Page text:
• Zeybek - In this Aegean dance, dancers, called "efe", symbolize courage and heroism.

ScalesEdit

Although some of the scales ('ayak' - foot) employed in Turkish folk music melodies are similar to some of the 'makam' scales of traditional Ottoman/Turkish Classical Music, not all of the folk music scales have Classical music counterparts, and there are important differences between the two concepts. The 'makam' of Turkish Classical Music is not just a scale, but has certain rules of progression, which in some cases are quite detailed, and in the course of the development the whole scale of the makam is used. Though sometimes referred to as makams by exponents of Turkish Classical Music, the scales of Turkish Folk Music are more properly called 'ayak' (foot) and are simply scales, with no rules of progression, thus bearing closer comparison with the concept of medieval church modes than do makams. Furthermore, in many Turkish folk songs only part of the scale is used. Both forms of music are diatonic, but use notes that are additional to the 12 semitones of western music. In Turkish folk music, for example, some scales include a note roughly halfway between B and B flat.

The scales of Turkish folk music are associated with different regions, and can be known by different names depending on the region, such as: Beşiri, Garip, Kerem, Misket, and Müstezad.

Time signaturesEdit

A wide variety of time signatures are used in Turkish folk music. In addition to simple ones such as 2/4, 4/4 and 3/4, others such as 5/8, 7/8, 9/8, 7/4, and 5/4 are common. Combinations of several basic rhythms often results in longer, complex rhythms that fit into time signatures such as 8/8, 10/8, and 12/8.

InstrumentsEdit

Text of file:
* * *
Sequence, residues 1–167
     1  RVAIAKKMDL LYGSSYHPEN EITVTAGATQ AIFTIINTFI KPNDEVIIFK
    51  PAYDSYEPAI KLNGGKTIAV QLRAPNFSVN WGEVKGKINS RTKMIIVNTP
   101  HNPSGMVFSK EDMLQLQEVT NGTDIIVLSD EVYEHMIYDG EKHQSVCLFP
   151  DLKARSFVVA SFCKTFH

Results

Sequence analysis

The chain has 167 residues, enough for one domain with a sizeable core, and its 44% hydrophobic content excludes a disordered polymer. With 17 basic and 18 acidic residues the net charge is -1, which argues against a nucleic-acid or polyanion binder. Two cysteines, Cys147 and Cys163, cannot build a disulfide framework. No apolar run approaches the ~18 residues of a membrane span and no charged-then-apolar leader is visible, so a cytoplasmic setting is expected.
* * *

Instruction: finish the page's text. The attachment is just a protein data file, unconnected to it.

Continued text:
Stringed instrumentsEdit

Plucked stringed instruments include the saz, a family of long-necked lutes including the guitar-sized bağlama (the most common) and the smaller cura and kanun, a type of box zither. Several regional traditions use bowed stringed instruments such as the kabak kemane (gourd fiddle) and the Black Sea Kemançe.

Wind instrumentsEdit

Woodwind instruments, include the double-reed, shawm-like zurna, Mey (Duduk), the single reed, clarinet-like sipsi, the single-reed twin-piped çifte, the end-blown flutes kaval and ney, and the droneless bagpipe, the tulum. An old shepherd's instrument, made from an eagle's wing bone, was the çığırtma. Many of these are characteristic of specific regions.

Percussion instrumentsEdit

Percussion instruments include drums – davul and nağara – the tambourine-like tef, a mini drum darbuka and kaşık (spoons).

Uses of musicEdit

Melodies of differing types and styles have been created by the people in various spheres and stages of life, joyful or sad, from birth to death. Ashiks (Turkish Minstrels), accompanying themselves on the saz, played the most important role in the development and spread of Turkish folk music. Musicias did not use accompaniment with saz, because Turkish Traditional Music was monophonic. Musicians played the same melody of a song but, when musicians hit the middle and upper strings (these strings must be played without touching keyboard of saz) polyphony was used.

Turkish folk musiciansEdit

Complete list: List of Turkish folk musicians.

See alsoEdit

Sources and external linksEdit

ReferencesEdit

  1. ^ Tekelioğlu, Orhan (2006-12-06). "The rise of a spontaneous synthesis: the historical background of Turkish popular music". Middle Eastern Studies. 32 (2): 194–215. doi:10.1080/00263209608701111. hdl:11693/48647.
  2. ^ a b c d e f g Degirmenci, Koray (2006-06-15). "On the Pursuit of a Nation: The Construction of Folk and Folk Music in the Fouding Decades of the Turkish Republic". International Review of the Aesthetics and Sociology of Music. 37 (1): 47–65. ISSN 0351-5796.
  3. ^ a b c d Markoff, Irene (1990). "The Ideology of Musical Practice and the Professional Turkish Folk Musician: Tempering the Creative Impulse". Asian Music. 22 (1): 129–145. doi:10.2307/834293. ISSN 0044-9202. JSTOR 834293.
  4. ^ "From Bela Bartok's Folk Music Research in Turkey". scholar.googleusercontent.com. Retrieved 2021-05-10.